Daipayan Guha, Benjamin Davidson, Mustafa Nadi, Naif M. Alotaibi, Michael G. Fehlings, Fred Gentili, Taufik A. Valiante, Charles H. Tator, Michael Tymianski, Abhijit Guha and Gelareh Zadeh
A surgical series of 201 benign and malignant peripheral nerve sheath tumors (PNSTs) was assessed to characterize the anatomical and clinical presentation of tumors and identify predictors of neurological outcome, recurrence, and extent of resection.
All surgically treated PNSTs from the Division of Neurosurgery at Toronto Western Hospital from 1993 to 2010 were reviewed retrospectively. Data were collected on patient demographics, clinical presentation, surgical technique, extent of resection, postoperative neurological outcomes, and recurrence.
One hundred seventy-five patients with 201 tumors had adequate follow-up for analysis. There were 182 benign and 19 malignant PNSTs. Of the benign lesions, 133 were schwannomas, 21 of which were associated with a diagnosis of schwannomatosis. There were 49 neurofibromas, and 26 were associated with neurofibromatosis Type 1 (NF1). Patients presenting with schwannomas were significantly older than those with neurofibromas. Schwannomas were more readily resected than neurofibromas, with the extent of resection of the former influenced by tumor location. Patients with benign PNSTs typically presented with a painful mass and less frequently with motor deficits. The likelihood of worsened postoperative motor function was decreased in patients with fully resected tumors or preoperative deficits. Recurrence of schwannomas and neurofibromas were seen more frequently in patients diagnosed with NF3 and NF1, respectively. Subtotal resection was associated with the increased recurrence of all benign lesions.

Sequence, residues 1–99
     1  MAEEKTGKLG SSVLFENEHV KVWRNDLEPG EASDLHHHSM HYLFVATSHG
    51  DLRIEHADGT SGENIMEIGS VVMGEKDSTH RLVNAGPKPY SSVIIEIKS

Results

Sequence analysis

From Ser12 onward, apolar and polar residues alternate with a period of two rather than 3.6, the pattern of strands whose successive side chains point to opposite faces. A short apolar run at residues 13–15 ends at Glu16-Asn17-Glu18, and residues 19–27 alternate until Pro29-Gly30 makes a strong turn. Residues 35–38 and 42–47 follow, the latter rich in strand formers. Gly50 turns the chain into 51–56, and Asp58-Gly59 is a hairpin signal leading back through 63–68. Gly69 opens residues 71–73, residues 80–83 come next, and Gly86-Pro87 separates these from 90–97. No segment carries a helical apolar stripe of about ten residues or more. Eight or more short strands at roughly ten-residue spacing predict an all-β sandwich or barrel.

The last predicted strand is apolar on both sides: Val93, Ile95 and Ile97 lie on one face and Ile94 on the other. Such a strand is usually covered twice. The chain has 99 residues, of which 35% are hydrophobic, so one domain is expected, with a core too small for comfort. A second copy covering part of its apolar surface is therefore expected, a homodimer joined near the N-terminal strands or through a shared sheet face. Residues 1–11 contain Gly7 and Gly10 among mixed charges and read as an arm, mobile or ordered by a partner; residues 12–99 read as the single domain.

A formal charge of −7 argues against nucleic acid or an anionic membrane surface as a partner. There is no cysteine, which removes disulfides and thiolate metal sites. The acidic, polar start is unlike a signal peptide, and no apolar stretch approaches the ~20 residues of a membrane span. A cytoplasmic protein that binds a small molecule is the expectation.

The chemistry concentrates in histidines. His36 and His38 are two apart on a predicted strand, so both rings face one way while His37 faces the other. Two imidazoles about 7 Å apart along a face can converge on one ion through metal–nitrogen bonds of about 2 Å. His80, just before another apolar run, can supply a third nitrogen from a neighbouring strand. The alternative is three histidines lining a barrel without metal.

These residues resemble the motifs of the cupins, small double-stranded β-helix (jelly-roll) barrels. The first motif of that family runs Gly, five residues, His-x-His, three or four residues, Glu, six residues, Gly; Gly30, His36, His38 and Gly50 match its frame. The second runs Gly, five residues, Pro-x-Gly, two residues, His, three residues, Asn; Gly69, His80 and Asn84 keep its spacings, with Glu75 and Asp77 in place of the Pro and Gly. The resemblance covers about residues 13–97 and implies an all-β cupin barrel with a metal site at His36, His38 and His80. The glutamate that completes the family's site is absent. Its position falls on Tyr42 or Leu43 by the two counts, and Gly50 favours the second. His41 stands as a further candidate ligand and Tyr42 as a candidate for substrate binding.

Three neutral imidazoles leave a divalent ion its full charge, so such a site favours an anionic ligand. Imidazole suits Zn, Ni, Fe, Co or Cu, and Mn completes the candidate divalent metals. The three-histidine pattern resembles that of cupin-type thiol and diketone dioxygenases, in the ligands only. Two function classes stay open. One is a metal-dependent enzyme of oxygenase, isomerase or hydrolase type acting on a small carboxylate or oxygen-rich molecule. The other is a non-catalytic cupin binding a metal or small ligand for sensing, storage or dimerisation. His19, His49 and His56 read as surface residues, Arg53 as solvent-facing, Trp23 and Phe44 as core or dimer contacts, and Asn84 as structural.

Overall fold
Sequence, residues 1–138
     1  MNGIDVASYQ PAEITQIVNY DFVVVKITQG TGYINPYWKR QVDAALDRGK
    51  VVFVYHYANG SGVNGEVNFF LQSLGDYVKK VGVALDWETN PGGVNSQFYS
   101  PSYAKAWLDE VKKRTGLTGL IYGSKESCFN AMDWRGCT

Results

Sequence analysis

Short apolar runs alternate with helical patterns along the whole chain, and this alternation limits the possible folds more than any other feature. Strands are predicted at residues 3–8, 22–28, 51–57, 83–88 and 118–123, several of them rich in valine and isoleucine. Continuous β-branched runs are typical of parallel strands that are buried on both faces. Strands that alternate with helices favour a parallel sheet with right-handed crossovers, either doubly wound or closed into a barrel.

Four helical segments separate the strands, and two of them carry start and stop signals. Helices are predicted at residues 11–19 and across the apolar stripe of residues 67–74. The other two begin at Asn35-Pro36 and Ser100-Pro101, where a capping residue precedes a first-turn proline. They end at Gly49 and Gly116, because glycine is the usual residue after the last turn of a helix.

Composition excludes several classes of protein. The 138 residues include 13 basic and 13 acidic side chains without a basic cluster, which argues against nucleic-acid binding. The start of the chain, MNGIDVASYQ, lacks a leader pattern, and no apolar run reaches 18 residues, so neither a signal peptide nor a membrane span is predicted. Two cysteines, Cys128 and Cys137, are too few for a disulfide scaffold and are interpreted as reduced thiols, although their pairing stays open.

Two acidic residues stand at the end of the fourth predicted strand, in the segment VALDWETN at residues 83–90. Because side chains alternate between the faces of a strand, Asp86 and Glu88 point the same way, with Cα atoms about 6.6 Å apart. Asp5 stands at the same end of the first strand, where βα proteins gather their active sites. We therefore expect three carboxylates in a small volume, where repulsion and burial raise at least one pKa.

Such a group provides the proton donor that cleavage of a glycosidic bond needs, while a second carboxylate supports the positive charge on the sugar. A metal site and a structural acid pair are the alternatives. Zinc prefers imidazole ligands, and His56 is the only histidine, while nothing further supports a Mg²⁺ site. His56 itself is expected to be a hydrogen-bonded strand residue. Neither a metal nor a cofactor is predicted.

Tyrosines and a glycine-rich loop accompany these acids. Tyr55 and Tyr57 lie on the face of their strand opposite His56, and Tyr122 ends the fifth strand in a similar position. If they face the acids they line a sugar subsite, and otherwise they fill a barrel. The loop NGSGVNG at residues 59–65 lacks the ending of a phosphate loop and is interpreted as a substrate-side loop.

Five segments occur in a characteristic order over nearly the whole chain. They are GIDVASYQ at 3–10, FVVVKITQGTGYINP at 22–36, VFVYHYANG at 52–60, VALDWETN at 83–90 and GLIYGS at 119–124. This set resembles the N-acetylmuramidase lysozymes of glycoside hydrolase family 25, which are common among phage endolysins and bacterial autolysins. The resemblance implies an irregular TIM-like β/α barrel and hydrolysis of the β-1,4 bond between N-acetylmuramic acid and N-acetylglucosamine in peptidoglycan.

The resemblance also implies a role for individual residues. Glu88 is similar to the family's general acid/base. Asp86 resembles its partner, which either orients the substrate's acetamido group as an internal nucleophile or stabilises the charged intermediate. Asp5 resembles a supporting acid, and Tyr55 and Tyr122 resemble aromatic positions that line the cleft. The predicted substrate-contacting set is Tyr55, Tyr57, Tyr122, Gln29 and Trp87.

Outcomes following resection of benign PNSTs depend on tumor histopathology, tumor location, and genetic predisposition syndrome. Gross-total resection should be attempted for benign lesions where possible. The management of malignant PNSTs remains challenging, requiring a multimodal approach.
Benjamin Davidson, Lior M. Elkaim, Nir Lipsman and George M. Ibrahim
Alexandre Boutet, Dave Gwun, Robert Gramer, Manish Ranjan, Gavin J. B. Elias, David Tilden, Yuexi Huang, Stanley Xiangyu Li, Benjamin Davidson, Hua Lu, Pascal Tyrrell, Ryan M. Jones, Alfonso Fasano, Kullervo Hynynen, Walter Kucharczyk, Michael L. Schwartz and Andres M. Lozano